• Immune Response: The cattle that had been vaccinated with BCG showed significantly less numbers of lesions in the lungs and lymph nodes.
  • Challenge Protocol: 54 days after vaccination the calves were challenged intratracheally with 2X103 cfu M. bovis strain 83/6235.
  • Efficacy: Vaccination with BCG induced considerable protection against a challenge with M. bovis, there were significantly fewer animals with Tuberculosis lesions.
  • Description: This study showed that killed M. vaccae did not protect against challenge by M. bovis, however, the vaccination of cattle with BCG by the respiratory route protected them against the development of tuberculous lung lesions.
  • Host IFNG response
    • Description: In the vaccinated cattle group, increased IFN-gamma was released from the culture of peripheral blood lymphocytes from cattle after stimulation with bovine purified protein derivative (PPD) (Buddle et al., 1995).
    • Detailed Gene Information: Click Here.
  • Host IL10 response
    • Description: In the vaccinated cattle group, increased IL-2 was released from the culture of peripheral blood lymphocytes from cattle after stimulation with bovine purified protein derivative (PPD) (Buddle et al., 1995).
    • Detailed Gene Information: Click Here.

Cattle Response

  • Vaccination Protocol: Mice were immunized i.v. with 106 CFU of BCG strains (Grode et al., 2005).
  • Challenge Protocol: At 120 days after vaccination, animals were aerosol challenged with 100–200 CFU of M. tuberculosis H37Rv or Beijing/W per lung using an aerosol chamber (Glas-Col) (Grode et al., 2005).
  • Efficacy: The ΔureC hly+ rBCG vaccine strain induced significantly more efficacious in inducing protective immunity against 2 different M. tuberculosis strains, the laboratory strain H37Rv and a clinical isolate of the Beijing/W genotype family, in a mouse model, than parental BCG (Grode et al., 2005). The ΔureC hly+ rBCG vaccine provided even more efficient protection than the hly+ rBCG vaccine strain.

Cattle Response

  • Host Strain: Friesians, 6-mo. old
  • Vaccination Protocol: Groups of four calves were subjected to one of five schedules in the first experiment: Group 1: MVA85A was administered at week 0, followed by BCG at week 9. Group 2: BCG Pasteur was administered at week 0, followed by MVA85A at week 9. Group 3: BCG administered at week 0, FP85A (fowlpox) administered at week 8, followed by MVA85A at week 10. Group 4: FP85A administered at weeks 0 and 3, followed by MVA85A at week 8. Group 5: (treatments reversed versus group 4): MVA85A administered at weeks 0 and 3, followed by FP85A at week 8 (Vordermeier et al., 2004). A 106 CFU dose of BCG was injected subcutaneously in side of neck with 1 ml PBS. MVA8A and FP85A doses were each administered as 109 plaque-forming units (PFUs) in PBS in a total 0.1 mL injection volume at each injection site. Animals skin tested with SICCT 14 weeks post-first vaccination (Vordermeier et al., 2004). In the second experiment, six calves were vaccinated s.c. with 106 CFU BCG Pasteur in 1 ml PBS. Three calves each were revaccinated with either a 109 PFU dose of MVA85 (intradermal) or 106 CFU dose of BCG Pasteur, 5 weeks later (Vordermeier et al., 2004).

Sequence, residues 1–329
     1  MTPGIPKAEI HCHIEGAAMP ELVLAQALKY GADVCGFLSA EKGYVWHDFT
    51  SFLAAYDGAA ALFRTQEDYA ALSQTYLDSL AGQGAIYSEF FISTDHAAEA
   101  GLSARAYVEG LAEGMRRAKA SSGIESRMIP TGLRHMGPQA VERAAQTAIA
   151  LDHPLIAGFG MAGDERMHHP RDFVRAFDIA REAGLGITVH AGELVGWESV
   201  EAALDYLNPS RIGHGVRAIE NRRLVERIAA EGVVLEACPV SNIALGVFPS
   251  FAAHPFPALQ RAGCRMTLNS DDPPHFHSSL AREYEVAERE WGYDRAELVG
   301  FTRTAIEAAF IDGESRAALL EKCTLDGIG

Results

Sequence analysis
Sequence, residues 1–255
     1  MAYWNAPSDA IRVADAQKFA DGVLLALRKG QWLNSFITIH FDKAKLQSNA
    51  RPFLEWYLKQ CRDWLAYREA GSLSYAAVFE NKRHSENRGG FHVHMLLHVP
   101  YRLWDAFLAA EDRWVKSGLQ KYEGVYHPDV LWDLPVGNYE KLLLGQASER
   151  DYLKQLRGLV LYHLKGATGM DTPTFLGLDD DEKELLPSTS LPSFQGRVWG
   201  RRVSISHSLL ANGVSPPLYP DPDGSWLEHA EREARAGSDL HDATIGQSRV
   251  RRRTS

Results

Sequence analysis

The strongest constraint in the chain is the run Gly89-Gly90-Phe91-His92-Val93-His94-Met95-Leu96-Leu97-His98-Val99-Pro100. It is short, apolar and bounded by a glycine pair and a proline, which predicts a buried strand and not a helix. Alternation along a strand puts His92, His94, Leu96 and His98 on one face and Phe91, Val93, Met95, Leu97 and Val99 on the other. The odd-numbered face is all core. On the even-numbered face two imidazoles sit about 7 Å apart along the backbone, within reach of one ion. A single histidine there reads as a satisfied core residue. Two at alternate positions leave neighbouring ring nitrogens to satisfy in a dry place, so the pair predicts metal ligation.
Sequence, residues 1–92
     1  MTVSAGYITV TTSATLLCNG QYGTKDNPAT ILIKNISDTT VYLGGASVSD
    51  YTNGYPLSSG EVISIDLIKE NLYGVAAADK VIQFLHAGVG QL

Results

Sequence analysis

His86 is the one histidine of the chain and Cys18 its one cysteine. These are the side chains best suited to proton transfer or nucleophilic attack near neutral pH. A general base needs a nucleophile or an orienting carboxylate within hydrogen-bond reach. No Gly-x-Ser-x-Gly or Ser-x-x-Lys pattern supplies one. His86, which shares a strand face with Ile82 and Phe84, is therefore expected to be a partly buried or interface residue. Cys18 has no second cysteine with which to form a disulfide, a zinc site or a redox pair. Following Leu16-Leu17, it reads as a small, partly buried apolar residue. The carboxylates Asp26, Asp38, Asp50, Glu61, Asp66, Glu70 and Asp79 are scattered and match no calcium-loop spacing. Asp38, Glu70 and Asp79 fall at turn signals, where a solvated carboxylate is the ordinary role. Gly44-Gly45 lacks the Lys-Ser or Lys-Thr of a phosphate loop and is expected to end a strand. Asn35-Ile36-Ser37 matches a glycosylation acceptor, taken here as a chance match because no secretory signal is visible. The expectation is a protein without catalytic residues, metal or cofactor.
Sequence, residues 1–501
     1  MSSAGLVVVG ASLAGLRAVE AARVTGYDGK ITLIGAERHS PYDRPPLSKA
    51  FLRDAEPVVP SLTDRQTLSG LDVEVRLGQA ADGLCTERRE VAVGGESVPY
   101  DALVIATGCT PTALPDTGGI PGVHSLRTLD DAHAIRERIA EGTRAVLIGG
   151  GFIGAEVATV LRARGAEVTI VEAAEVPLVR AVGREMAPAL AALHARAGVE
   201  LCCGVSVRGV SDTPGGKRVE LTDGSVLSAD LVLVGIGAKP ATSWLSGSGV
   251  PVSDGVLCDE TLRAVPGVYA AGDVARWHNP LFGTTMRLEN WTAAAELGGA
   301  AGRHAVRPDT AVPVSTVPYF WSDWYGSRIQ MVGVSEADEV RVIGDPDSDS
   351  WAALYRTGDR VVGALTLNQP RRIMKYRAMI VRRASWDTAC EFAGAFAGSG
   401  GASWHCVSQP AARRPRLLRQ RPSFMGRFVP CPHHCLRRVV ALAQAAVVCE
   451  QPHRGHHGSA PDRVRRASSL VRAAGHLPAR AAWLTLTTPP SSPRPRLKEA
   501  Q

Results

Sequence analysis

• Immune Response: Prime-boost protocols, using recombinant MVA and BCG in combination (groups 1-3), resulted in significantly higher frequencies of Ag85-specific IFN-gamma-secreting cells than the two viral vectors used in combination (P=0.0055), or BCG used alone (groups 2 and 3, P=0.04) (Vordermeier et al., 2004).

Macaque Response

  • Host Strain: cynomolgus monkey (M. fascicularis) and rhesus monkey (M. mulatta)
  • Vaccination Protocol: The macaques were vaccinated intradermally with 1–4 X 105 cfu bacillus Calmette–Guerin
  • Vaccine Immune Response Type: VO_0000859
  • Immune Response: Showed specific cell-mediated immune responses after bacillus Calmette–Guerin vaccination as observed by skin test, lymphoproliferation, and IFN-gamma production (Langermans et al., 2001).
  • Challenge Protocol: 17 weeks after vaccination the monkeys were challenged with 3,000 cfu M. tuberculosis by intratracheal installation of 3 ml of the bacterial suspension. Between 59 and 65 days after infection the animals were killed, and necropsies were undertaken for pathological examination (Langermans et al., 2001).
  • Description: This study showed that cynomolgus monkey (M. fascicularis) is a better model than rhesus monkey (M. mulatta) for M. tuberculosis vaccination and infection studies. From a challenge with 3,000 cfu M. tuberculosis, BCG vaccination protects cynomolgus monkeys with >2-log reduction of the bacterial load and diminished pathology, whereas only a minimal BCG vaccination effect was observed in rhesus monkeys. These two species represent the two extremes of BCG-induced protection that is found in humans (Langermans et al., 2001).

Zebrafish Response

  • Host Strain: Wildtype AB or adult rag hu1999 mutant fish
  • Vaccination Protocol: Fish were vaccinated with ~8X103 CFU BCG intraperitoneally or intramuscularly (Oksanen et al., 2013).
  • Vaccine Immune Response Type: VO_0003057
  • Challenge Protocol: Fish were anesthetized and intraperitoneally injected 3-4 weeks after immunization with ~20-30 bacteria (Oksanen et al., 2013).
  • Efficacy: BCG was unable to prevent infection with mycobacteria, however, it improved fish survival lowering the mortality rate from 84.2% to 45.0% (Oksanen et al., 2013).
  • Description: BCG is unable to prevent infection in zebrafish, however, it is able to improve fish survival (Oksanen et al., 2013).
References References References